A young teacher told how she is lucky to be alive after she was blown up when a petrol station exploded.
Zoe Eleftheriou, 22, was riding past the petrol station on a moped when it burst into flames and she was blown off the bike.
The English teacher lost her eyebrows and suffered severe facial bruises in the horror blast that claimed three lives, and left another dozen people badly injured.
Zoe and her friend Abbey Alexander, 18, were returning to the school, in Siem Reap, Cambodia, where they teach English, and saw smoke but kept on driving.
A tanker, delivering petroleum gas to the unlicensed garage, then blew up.
Both women were caught up in the fireball, saying it was like ‘walking through flames’.
Somehow, the two managed to make their way to the school.
Zoe said: “The receptionist did not recognise me and I had been working there for six months.
“I was burning and all I wanted was ice and I said ‘I need it now’.”
Eventually she got to a clinic where she contacted her Cambodian family who had taken her under their wing, and her adopted brother Nana rushed to the rescue.
Zoe suffered 40 per cent fourth and fifth degree burns all over her body, badly affecting her left leg, hands and face.
It was thought she would have to spend at least two months in a burns treatment hospital in Bangkok, after the mid-August explosion.
But after gradually coming off the ventilator, which was helping to keep her alive, she was allowed to fly back home to Rochester, Kent, under medical assistance last month.
She said: “At the moment, I have pink, red, white and brown skin and some sexy marks on my feet where my flip-flops had been.
“They say pigmentation can take six months or up to two years to heal.”
Having been bed-ridden for three weeks, she was asked one day if she would like to try to stand.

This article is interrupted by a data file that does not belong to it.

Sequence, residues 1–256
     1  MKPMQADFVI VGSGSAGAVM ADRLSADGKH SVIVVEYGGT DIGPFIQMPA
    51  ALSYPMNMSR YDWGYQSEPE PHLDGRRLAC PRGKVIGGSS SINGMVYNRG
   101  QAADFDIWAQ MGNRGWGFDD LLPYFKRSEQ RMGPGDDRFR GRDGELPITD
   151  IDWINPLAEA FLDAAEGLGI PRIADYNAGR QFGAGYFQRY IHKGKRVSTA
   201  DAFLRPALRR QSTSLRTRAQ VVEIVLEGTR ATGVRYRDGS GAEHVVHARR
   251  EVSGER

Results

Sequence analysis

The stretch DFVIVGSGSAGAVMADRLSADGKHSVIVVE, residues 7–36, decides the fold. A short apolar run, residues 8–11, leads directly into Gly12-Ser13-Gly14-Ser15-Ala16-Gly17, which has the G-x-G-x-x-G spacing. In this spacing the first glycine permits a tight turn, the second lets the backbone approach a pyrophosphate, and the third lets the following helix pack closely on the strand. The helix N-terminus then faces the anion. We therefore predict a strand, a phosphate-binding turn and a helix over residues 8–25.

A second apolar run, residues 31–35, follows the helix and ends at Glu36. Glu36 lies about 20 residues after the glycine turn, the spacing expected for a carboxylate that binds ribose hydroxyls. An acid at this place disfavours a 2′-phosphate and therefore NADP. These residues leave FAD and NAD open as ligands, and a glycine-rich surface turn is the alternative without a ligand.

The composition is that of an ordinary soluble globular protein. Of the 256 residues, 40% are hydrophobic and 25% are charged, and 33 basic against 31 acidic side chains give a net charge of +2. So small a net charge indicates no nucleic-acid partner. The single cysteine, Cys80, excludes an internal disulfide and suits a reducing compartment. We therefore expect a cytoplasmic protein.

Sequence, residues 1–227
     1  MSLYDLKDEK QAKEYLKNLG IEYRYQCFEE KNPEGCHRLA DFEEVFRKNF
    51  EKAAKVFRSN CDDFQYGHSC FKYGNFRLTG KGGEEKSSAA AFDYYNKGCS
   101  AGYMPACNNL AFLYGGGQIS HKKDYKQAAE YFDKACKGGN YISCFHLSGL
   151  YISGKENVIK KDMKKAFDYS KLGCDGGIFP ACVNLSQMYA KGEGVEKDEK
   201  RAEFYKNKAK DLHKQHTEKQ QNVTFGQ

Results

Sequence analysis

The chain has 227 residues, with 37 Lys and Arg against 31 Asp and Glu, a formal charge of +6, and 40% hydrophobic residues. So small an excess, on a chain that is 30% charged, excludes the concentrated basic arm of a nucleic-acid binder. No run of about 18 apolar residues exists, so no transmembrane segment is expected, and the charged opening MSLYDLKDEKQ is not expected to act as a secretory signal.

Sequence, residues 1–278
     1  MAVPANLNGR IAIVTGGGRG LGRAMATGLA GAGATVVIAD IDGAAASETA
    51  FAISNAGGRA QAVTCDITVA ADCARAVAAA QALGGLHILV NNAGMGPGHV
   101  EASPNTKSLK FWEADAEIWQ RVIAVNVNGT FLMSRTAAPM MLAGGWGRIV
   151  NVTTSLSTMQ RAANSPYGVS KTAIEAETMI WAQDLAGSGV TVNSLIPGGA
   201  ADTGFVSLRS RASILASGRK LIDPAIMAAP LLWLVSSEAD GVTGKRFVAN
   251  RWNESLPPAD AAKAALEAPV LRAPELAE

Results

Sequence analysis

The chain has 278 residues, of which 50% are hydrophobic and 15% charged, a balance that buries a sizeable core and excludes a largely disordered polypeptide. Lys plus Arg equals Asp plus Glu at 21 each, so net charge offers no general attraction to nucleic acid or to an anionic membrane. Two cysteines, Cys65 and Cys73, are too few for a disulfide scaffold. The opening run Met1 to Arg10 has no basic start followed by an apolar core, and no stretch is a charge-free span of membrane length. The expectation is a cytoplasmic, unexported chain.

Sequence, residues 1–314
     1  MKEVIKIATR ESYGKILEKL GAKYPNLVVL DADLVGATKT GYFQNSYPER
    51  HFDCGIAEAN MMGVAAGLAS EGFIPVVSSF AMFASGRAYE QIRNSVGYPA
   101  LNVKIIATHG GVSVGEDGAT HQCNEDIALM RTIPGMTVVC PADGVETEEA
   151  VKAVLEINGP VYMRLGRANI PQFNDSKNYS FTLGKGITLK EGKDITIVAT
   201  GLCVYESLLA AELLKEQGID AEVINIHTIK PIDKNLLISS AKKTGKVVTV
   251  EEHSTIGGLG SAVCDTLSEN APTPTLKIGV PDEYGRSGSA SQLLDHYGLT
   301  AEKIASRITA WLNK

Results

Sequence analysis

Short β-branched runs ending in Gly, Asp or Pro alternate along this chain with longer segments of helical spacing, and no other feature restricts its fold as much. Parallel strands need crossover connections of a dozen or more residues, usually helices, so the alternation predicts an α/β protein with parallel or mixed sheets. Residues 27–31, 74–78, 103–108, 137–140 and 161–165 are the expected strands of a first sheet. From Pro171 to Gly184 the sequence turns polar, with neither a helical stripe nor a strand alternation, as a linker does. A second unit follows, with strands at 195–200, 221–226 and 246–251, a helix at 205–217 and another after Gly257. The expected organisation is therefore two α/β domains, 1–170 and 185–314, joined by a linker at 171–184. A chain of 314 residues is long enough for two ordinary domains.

She said: “Up until then, it sounds horrible, but I was functioning as a vegetable.
“I can’t put weight on my foot, so I can’t walk yet.
“It’s great at the age of 22 that I am no longer in nappies and using a bed-pan.
“The first time I saw my face, I did not like it. I had no eyebrows or lashes and had lost my long hair. It was bright red, apple red, fire red.
“I have had tremendous support from family and friends.
“I don’t know why at Heathrow they wanted to see my passport because I don’t look anything like my passport photo.”
Zoe was also wary of reactions from children and younger relatives.
She said: “One seven year old said ‘You are still the same Zoe, you just look a little different’.”
One fortunate aspect for Zoe is that her medical bills of £215,000 were covered by a £350 travel insurance policy.
Abbey faces a similar treatment bill – but had no cover.
She was paid only £10,000 by the LPG station boss, while Zoe is still battling for compensation.
After her experience, she cannot stress enough the importance to fellow travellers of getting full travel insurance.
She said: “It was on my mum’s tick list before I went anywhere.
“You might say I don’t need it, but you do.”
Zoe first went to Cambodia in 2016 to help out at English summer camps, and fell in love with the South East Asian country so much that despite her harrowing ordeal, she can’t wait to return.
She said: “I just can’t wait to get back out there.”